Friday, July 22, 2011

Hamelman's Olive Levain as Fougasse (Mellow Baker's: July)

Usually after a day of baking our sandwich bread, I'm breaded out for a couple days and don't feel like baking the next day, but this week I found a little extra energy Wednesday night to mix up my liquid levain for the olive bread.  I wasn't so sure we'd like this bread because of all the olives, but I was excited to try shaping the bread as fougasse.  I figured I would be thrilled if I could accomplish that, and wouldn't be upset if I didn't like the taste of the olives.

After looking everywhere, I finally found a jar of the nicoise olives at a store here in town that carries alot of gourmet type specialty items.  I looked at the itsy bitsy olives in the jar and knew they probably contained pits, but I thought no problem, I'll just squeeze them one by one and the pit will just pop right out.  Wrong!!  I waited until the morning to open the jar of olives and pulled out the first one.  Well, I squeezed and squeezed and managed to squirt juice on myself, but no pit popped out.  So, at 7 am in the morning, I'm sitting in my PJ's at the kitchen table, using a small paring knife to carve the olive flesh away from the pits of these olives.  After pitting all the olives I dumped them into my bowl to weigh them and found I only had 2 1/2 oz and I needed 4.  Aaaargh!  So after some debate, I trudged off to the grocery store and scooped 8-10  olives out of the Mediterranean mix at the olive bar there.  I went home and pitted these and dumped them into my bowl and had exactly 4 oz.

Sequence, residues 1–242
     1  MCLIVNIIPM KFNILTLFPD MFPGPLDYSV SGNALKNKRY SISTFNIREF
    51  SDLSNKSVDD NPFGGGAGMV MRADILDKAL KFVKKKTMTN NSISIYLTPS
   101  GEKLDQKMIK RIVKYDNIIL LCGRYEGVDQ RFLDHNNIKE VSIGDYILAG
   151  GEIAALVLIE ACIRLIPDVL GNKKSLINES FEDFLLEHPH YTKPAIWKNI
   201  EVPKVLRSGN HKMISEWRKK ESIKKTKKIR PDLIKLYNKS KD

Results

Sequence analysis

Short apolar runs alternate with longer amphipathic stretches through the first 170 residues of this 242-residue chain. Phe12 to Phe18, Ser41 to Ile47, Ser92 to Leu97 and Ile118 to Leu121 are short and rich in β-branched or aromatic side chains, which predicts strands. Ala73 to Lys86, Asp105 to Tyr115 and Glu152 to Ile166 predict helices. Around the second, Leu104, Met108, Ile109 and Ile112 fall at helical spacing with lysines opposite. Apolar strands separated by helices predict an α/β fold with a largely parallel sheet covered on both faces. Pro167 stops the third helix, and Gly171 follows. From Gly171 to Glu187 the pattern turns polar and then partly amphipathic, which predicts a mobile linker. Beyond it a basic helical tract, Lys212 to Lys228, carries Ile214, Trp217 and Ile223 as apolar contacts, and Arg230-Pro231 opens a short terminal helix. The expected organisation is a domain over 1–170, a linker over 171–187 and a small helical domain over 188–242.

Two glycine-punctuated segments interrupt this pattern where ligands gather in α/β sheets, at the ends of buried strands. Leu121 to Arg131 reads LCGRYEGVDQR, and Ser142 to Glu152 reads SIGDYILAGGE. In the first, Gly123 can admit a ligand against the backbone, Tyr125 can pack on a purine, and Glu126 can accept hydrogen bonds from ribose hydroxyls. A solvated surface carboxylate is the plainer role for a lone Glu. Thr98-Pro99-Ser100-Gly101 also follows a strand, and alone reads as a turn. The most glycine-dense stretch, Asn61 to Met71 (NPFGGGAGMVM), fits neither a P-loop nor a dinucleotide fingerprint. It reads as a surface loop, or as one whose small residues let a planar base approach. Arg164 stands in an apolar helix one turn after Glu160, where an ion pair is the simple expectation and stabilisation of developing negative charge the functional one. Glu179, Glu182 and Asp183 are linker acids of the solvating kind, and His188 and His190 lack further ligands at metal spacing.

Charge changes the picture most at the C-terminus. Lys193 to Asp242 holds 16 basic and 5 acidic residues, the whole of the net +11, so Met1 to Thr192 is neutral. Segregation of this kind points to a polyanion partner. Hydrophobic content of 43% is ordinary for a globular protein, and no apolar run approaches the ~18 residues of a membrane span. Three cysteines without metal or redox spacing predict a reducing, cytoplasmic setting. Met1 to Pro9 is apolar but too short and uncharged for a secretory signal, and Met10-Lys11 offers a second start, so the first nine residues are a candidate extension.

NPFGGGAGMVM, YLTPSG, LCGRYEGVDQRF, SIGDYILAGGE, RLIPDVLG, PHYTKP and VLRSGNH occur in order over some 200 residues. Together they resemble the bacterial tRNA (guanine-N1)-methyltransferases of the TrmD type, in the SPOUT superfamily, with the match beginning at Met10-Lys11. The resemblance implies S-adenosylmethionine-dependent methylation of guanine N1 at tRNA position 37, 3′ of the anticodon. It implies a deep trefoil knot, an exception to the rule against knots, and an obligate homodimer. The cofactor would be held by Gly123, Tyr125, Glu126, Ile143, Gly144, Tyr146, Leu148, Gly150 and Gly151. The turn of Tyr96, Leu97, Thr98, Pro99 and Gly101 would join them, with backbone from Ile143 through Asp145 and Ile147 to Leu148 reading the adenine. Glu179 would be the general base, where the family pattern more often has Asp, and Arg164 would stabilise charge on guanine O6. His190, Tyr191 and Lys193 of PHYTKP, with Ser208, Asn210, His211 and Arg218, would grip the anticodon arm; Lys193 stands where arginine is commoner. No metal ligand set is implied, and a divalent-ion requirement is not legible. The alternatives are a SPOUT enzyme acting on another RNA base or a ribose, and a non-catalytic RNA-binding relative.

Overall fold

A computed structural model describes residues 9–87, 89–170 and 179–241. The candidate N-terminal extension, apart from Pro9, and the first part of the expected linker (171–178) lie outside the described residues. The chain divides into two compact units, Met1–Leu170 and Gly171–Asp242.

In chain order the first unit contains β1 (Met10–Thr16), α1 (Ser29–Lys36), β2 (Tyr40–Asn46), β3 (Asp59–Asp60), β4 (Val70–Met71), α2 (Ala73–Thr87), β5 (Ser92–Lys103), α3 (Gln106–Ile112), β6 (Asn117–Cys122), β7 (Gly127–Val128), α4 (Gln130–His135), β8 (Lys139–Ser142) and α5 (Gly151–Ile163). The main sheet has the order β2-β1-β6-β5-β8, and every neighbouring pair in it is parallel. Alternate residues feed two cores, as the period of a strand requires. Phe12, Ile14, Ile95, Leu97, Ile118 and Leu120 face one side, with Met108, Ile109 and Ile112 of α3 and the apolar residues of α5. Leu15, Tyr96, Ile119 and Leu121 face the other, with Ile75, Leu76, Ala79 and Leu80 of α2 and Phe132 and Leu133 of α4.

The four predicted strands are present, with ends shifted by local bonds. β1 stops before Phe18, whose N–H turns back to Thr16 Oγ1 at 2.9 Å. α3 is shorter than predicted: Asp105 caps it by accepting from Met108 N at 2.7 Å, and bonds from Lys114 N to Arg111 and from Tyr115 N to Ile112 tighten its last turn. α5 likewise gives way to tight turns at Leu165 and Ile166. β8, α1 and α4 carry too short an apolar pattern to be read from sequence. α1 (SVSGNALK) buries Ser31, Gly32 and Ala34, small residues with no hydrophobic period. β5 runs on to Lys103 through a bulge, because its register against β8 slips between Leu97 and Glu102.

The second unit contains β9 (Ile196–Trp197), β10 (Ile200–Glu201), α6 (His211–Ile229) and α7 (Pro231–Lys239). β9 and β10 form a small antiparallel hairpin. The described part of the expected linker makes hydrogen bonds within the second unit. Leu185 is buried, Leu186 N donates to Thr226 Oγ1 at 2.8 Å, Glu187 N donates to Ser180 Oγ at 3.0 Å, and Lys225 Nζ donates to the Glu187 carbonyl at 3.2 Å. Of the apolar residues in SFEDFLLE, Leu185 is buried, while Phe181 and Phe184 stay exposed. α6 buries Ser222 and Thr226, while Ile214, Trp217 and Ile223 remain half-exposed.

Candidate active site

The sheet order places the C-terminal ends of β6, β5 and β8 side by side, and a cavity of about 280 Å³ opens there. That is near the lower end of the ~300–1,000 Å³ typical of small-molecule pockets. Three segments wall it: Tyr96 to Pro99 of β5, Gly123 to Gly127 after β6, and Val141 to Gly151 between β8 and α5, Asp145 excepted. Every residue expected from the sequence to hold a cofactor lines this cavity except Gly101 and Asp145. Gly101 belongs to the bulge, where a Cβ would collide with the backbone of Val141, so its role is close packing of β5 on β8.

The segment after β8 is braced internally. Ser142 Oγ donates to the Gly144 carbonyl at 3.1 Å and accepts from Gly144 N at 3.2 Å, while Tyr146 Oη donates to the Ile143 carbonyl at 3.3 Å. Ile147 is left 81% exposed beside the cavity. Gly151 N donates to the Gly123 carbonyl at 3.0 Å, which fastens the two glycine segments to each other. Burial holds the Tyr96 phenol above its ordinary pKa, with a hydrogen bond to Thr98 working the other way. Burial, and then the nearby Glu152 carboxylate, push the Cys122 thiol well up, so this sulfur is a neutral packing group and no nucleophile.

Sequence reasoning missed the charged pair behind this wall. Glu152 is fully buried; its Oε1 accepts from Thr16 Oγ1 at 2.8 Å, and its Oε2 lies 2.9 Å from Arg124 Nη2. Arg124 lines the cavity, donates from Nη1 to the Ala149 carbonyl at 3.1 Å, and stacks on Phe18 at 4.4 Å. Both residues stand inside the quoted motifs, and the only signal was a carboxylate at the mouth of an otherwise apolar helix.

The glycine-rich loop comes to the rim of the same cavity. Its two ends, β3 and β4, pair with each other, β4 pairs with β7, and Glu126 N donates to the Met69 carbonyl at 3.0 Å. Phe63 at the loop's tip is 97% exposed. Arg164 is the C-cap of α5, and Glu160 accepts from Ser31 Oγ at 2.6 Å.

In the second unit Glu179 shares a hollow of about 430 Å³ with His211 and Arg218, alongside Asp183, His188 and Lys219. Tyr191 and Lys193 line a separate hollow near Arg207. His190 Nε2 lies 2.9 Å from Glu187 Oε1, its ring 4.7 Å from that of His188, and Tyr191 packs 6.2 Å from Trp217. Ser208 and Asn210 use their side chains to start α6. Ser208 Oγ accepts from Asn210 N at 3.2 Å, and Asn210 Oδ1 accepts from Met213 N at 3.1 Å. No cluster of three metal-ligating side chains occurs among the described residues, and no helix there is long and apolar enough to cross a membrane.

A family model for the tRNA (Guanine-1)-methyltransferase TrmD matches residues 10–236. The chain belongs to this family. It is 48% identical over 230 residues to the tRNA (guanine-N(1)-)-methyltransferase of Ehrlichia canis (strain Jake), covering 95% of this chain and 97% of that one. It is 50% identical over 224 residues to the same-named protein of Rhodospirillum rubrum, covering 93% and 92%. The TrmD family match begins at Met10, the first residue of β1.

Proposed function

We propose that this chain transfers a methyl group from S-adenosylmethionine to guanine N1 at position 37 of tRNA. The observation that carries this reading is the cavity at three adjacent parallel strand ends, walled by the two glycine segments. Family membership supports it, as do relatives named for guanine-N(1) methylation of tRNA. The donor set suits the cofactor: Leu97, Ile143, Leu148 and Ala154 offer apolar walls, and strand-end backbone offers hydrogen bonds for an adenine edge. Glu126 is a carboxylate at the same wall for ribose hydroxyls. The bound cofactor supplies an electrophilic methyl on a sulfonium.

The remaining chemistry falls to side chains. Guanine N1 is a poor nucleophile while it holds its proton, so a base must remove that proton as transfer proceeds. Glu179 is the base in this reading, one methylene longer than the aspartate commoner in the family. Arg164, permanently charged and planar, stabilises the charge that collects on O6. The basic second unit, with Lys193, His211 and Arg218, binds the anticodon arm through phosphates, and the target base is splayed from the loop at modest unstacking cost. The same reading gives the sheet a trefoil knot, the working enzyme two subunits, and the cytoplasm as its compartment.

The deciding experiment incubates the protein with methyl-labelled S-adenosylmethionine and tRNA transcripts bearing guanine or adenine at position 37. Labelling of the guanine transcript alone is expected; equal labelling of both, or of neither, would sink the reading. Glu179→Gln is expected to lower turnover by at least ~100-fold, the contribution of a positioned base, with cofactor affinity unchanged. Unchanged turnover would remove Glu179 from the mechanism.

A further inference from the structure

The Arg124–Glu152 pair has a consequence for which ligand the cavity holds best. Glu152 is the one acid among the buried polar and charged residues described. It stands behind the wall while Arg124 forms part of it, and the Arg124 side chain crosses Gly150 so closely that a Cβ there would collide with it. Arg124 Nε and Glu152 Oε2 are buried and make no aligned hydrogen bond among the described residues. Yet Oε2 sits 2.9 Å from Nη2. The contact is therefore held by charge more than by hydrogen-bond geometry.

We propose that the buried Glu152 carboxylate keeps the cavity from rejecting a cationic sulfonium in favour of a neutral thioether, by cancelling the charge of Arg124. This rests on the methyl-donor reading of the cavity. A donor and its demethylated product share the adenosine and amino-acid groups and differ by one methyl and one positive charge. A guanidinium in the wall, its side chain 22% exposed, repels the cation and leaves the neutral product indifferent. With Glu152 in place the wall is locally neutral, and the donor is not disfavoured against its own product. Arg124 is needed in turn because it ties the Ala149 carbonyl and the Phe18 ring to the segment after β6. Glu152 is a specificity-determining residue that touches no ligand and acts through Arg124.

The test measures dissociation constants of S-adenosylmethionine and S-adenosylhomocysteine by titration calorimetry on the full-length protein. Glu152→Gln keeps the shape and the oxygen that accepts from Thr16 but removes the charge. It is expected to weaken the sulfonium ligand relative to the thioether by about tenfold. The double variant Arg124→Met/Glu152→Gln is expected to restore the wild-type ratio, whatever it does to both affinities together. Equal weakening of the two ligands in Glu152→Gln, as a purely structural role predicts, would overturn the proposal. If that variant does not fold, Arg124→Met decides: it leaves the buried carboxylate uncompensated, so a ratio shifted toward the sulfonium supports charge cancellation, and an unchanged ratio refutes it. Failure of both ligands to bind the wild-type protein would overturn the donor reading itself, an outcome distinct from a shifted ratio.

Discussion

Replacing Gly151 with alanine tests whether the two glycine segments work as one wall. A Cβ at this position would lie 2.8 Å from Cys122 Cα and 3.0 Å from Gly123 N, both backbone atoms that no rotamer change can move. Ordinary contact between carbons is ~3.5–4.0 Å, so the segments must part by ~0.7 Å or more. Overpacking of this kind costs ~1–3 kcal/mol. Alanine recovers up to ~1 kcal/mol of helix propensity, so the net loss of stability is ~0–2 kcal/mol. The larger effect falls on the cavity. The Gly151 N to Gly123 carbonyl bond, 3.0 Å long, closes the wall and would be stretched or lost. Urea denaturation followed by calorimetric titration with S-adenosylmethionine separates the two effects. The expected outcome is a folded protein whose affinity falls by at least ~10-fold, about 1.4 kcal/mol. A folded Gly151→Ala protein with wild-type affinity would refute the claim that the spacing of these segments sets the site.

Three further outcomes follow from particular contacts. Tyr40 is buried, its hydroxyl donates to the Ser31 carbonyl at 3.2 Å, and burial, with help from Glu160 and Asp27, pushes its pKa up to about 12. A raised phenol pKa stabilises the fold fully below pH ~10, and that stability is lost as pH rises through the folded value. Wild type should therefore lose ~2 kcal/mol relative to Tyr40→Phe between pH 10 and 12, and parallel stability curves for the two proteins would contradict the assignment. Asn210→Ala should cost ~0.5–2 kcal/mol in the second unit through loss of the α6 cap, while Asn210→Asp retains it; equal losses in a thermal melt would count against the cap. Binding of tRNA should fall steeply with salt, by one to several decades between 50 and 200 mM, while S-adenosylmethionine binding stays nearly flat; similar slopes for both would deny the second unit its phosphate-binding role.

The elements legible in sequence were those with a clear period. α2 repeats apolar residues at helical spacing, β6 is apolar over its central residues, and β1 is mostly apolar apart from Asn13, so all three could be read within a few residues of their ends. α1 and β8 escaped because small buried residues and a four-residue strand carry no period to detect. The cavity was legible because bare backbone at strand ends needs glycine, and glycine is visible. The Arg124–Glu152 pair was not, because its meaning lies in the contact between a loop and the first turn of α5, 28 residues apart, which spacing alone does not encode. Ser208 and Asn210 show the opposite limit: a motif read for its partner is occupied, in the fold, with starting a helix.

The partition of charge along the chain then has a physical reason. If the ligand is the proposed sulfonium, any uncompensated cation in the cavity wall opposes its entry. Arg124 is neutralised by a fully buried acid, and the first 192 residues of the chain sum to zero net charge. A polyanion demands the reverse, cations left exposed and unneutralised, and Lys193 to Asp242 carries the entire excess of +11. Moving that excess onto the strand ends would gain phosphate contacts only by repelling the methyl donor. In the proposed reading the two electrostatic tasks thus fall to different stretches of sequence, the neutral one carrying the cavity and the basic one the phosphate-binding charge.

I was really nervous about just using Lucky, my starter, to leaven this bread.  This was another reason I was anxious to try this bread.  I've not had much success using my sourdough starter in breads containing no commercial yeast.  I resisted the urge to add just a pinch of instant yeast, and hoped Lucky would work its magic. 

I let my liquid levain sit on the counter almost a full 16 hours, and during the bulk fermentation of 2 1/2 hours I folded the dough once.  It didn't rise a huge amount during the fermentation, but there was definitely alot of gas bubbles in the dough when I folded and shaped it.  After bulk fermentation, I shaped the dough into a rough round and covered it for 15 minutes.  Then, using the rolling pin, I flattened the round into an oblong shape.  I brushed it with a little olive oil, and covered it again for an hour. 

After the hour was up, I stretched the dough, shaped it into a triangle and used my pizza wheel to cut the slits into the dough.  (I put a piece of cardboard under the parchment while I was cutting my slits so as not to slit my mat or peel.)

To open up the slits, I stretched the dough from the sides a bit, and then stuck my fingers right into each slit and opened them up nice and big, so that when it baked the holes wouldn't close back up.

I slid the fougasse onto the baking stone and baked with steam at 450° for 20 minutes and took it out to cool.  I was so happy with the way it looked coming out of the oven.  I even thought for a moment about just hanging it on the wall in the kitchen as a decoration instead of eating it.